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In a week when five journalists were killed by armed groups, Reporters Without Borders (Reporters sans frontières, RSF) is calling for the creation of a special task force within the national police to tackle violence against journalists.

The task force would investigate the killings and organise awareness campaigns about journalist safety for the security forces and the public. RSF also recommends a witness protection programme be set up with the help of neighbouring countries.

In Kirkuk, the body of Aidan Abdallah al-Jamiji, a Kirkuk Television employee, was found on 26 May in the trunk of his car, which had been torched and dumped near the local cemetery, RSF reports.

Two days later, Mahmoud Hassib al-Qassab, editor of the defunct weekly "Al-Hawadith" and a member of the Turkmen Salvation Movement, was gunned down outside his home in northern Kirkuk, says RSF.

RSF also reports that on 29 May, a journalism professor at Baghdad University and reporter for the online National Iraqi News Agency, Abdul-Rahman al-Issawi, was killed along with seven members of his family when gunmen stormed his home in Amariyah, near Fallujah.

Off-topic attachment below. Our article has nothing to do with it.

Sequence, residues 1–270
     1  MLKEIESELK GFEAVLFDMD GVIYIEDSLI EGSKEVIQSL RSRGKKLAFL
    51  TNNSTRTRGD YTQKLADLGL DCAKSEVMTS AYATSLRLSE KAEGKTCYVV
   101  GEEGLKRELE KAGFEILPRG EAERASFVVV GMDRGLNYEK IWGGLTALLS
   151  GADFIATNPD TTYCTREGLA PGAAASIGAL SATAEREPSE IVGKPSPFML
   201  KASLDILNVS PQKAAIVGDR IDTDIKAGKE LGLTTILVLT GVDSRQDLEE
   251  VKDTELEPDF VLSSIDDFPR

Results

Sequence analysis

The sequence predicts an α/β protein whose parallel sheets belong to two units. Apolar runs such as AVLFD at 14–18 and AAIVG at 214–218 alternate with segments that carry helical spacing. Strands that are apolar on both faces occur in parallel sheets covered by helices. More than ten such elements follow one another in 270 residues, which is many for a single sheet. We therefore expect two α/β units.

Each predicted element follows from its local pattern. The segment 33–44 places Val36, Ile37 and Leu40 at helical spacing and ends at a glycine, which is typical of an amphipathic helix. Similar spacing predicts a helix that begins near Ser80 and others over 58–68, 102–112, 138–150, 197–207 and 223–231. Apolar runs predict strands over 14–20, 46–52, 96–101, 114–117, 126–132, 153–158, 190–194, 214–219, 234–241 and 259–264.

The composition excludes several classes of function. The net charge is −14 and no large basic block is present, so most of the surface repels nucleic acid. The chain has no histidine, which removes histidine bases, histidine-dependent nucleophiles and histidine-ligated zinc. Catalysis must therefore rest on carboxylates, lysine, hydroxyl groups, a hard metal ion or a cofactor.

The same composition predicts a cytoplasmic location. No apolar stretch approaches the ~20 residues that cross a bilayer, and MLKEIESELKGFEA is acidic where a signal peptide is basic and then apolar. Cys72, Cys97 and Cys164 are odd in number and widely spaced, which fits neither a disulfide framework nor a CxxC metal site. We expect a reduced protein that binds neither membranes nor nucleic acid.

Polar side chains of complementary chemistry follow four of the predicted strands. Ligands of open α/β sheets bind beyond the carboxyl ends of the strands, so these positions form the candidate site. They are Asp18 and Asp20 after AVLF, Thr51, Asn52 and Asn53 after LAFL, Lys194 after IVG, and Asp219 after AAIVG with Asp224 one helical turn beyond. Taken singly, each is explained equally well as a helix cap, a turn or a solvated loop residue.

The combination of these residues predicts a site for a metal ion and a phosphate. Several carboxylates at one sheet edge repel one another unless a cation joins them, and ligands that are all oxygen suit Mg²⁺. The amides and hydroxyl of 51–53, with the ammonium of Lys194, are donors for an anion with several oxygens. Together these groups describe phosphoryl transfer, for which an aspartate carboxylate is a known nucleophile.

Then on 30 May, Nazar Abdulwahid al-Radhi, a correspondent for the independent news agency Aswat al-Iraq (Voices of Iraq) and Radio Free Iraq, was fatally shot when three gunmen in a pick up truck opened fire on a group of journalists who had gone to a news conference outside Amara's city hall. Several other journalists were wounded. Eyewitnesses said nearby Iraqi police did not intervene during the attack, reports the Committee to Protect Journalists (CPJ).

CPJ also reports that Saif Fakhry, an Associated Press Television News cameraman, was killed in Baghdad's western neighbourhood of Al-Aamariyah as he was heading to a mosque near his home on 31 May. Al-Aamariyah has been the site of intense fighting between al-Qaeda gunmen and Sunni extremist militants. It was unclear whether Fakhry was killed in crossfire or if he was targeted.

George Packer, a staff writer for "The New Yorker", notes in an article for CPJ that the killing of Iraqi journalists is systematic and makes journalism impossible. "That Iraqi journalists are continuing to work at all is a testament to their courage," says Packer, "because every one of them is marked for death." Packer urges Western news organisations and fellow journalists to "support [their Iraqi colleagues] in their work, honour them in their death, and help them in their departure."

Visit these links:
- RSF:
- CPJ:
- Packer, "Our Debt to Iraqi Journalists":
(5 June 2007)

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